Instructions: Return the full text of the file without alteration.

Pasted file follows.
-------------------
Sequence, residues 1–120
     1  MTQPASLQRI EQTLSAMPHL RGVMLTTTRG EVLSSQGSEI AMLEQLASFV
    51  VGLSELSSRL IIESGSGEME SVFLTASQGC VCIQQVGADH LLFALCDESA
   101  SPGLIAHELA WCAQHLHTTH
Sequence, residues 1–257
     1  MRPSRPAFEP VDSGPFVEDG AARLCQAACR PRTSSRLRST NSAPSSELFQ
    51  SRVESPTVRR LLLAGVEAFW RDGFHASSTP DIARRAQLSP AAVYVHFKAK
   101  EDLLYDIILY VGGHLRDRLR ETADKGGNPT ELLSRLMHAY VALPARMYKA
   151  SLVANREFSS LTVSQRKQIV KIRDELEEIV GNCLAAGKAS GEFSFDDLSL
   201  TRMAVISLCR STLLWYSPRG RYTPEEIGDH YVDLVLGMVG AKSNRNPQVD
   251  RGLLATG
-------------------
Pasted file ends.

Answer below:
Sequence, residues 1–120
     1  MTQPASLQRI EQTLSAMPHL RGVMLTTTRG EVLSSQGSEI AMLEQLASFV
    51  VGLSELSSRL IIESGSGEME SVFLTASQGC VCIQQVGADH LLFALCDESA
   101  SPGLIAHELA WCAQHLHTTH
Sequence, residues 1–257
     1  MRPSRPAFEP VDSGPFVEDG AARLCQAACR PRTSSRLRST NSAPSSELFQ
    51  SRVESPTVRR LLLAGVEAFW RDGFHASSTP DIARRAQLSP AAVYVHFKAK
   101  EDLLYDIILY VGGHLRDRLR ETADKGGNPT ELLSRLMHAY VALPARMYKA
   151  SLVANREFSS LTVSQRKQIV KIRDELEEIV GNCLAAGKAS GEFSFDDLSL
   201  TRMAVISLCR STLLWYSPRG RYTPEEIGDH YVDLVLGMVG AKSNRNPQVD
   251  RGLLATG